Elephants and Buddhas

Friday morning started quite early. Jai wanted to pack in quite a bit, and as with our previous day’s adventure, a number of sites were several kilometers outside of Madikeri. Padmini got up early to make us chapatti with our sambar and chutney, and a healthy serving of butter fruit (avocado). And of course, the meal was only complete after a serving a coffee from her family’s estate. We only had three sites to visit, but it was worth the early morning so we could take our time at them all and still get home before dark.

We wound through narrow roads between coffee estates and small communities, much like winding through farm roads in the Willamette Valley, finally arriving at the village of Dubare. There we took a small boat across the Cauvery River to an island housing an elephant camp. When we arrived several elephants waded in the shallow waters with one of the park staff who was scrubbing them with a brush. The public part of the camp was essentially a tourist trap and the main attraction, just a few meters inland from the bank, was a platform for assembling to ride the elephants through the camp. Visitors could also pay to feed or bath the elephants. We elected just for park admission. It was feeding time when we arrived and the elephant trainers handed large, sticky-looking balls to the elephants who were lined up eagerly waiting for their treat. Many opened their mouths while the handlers put the millet mixture directly onto their massive tongue. One tiny elephant could not be seen behind the low wall separating the visitors from the regular camp residents. The young elephant was well aware food was being distributed and its tiny trunk searched the air, often finding reward as a handler broke off part of a ball for it.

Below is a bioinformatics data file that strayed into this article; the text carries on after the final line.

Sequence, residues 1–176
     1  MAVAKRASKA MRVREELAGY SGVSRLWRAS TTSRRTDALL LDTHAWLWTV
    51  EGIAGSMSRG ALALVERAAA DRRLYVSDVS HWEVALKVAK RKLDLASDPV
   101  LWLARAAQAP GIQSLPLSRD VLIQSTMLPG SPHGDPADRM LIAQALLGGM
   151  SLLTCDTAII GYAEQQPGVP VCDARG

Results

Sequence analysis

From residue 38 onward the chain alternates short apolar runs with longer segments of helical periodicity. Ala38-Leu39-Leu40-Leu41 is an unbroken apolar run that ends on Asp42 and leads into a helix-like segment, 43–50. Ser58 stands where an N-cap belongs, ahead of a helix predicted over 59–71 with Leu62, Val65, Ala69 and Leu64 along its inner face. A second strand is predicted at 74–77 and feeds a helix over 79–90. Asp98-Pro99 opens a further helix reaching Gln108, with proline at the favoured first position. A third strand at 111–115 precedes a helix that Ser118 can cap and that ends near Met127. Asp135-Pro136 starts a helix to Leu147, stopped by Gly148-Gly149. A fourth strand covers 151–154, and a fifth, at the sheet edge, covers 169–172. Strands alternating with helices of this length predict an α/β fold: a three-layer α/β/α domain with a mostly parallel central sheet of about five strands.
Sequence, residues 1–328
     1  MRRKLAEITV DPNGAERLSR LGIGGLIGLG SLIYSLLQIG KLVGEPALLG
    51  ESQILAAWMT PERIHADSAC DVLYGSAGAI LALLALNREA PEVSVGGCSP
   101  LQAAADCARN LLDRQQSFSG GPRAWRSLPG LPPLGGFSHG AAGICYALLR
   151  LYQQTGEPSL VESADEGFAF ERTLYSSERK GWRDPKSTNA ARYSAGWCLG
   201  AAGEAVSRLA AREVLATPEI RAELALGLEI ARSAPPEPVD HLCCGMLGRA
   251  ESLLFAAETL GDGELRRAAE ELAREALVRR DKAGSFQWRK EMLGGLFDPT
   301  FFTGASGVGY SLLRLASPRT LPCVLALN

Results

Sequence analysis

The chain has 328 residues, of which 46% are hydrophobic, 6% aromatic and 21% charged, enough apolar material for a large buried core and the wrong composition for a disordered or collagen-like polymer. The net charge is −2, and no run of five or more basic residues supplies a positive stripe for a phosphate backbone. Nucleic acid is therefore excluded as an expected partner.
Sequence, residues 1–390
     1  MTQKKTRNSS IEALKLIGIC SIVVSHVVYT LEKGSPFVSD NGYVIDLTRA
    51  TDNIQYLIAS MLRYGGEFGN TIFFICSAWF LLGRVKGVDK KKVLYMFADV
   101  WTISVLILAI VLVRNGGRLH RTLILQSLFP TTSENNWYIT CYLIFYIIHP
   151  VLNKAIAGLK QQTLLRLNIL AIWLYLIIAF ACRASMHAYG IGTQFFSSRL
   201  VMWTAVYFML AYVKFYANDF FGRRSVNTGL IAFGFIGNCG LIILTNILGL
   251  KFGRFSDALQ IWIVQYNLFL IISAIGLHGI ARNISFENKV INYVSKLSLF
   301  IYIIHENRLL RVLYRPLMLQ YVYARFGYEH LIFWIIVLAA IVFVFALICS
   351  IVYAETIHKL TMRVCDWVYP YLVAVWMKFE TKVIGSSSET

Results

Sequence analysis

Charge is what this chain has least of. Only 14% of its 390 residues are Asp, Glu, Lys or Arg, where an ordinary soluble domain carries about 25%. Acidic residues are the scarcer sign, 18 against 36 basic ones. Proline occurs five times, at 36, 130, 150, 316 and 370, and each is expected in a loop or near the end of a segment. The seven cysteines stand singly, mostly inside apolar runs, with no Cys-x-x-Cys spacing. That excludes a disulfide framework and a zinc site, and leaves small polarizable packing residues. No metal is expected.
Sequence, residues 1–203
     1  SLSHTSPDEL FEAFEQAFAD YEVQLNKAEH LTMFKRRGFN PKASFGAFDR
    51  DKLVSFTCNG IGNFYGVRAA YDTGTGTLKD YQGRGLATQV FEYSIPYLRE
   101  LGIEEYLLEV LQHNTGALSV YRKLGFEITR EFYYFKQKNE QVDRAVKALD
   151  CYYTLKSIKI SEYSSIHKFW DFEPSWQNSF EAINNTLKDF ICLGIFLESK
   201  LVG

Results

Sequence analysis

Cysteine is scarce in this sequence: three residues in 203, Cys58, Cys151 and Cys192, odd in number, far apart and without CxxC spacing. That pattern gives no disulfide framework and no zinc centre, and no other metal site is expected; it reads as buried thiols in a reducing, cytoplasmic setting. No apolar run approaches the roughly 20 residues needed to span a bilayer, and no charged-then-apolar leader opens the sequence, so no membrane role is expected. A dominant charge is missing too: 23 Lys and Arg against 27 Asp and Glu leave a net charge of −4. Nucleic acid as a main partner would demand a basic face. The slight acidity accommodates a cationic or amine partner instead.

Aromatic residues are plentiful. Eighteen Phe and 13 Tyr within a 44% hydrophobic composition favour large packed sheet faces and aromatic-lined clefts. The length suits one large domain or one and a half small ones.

Most of the camp was closed to visitors, though it appeared the encampment shared the island with a local village. The elephants kept at the camp are enlisted to help calm wild elephants when one comes into a town and becomes distressed. Those elephants may then become residents of the camp at Dubare as well. Much like the mountain lions that come into urban areas looking for food, because of deforestation the bamboo elephants usually eat has become increasingly scarce and they come into the villages and towns in the hopes of finding food. Unfortunately, in such cases the elephant is usually distressed and/or confused and causes a great deal of trouble for the local residents.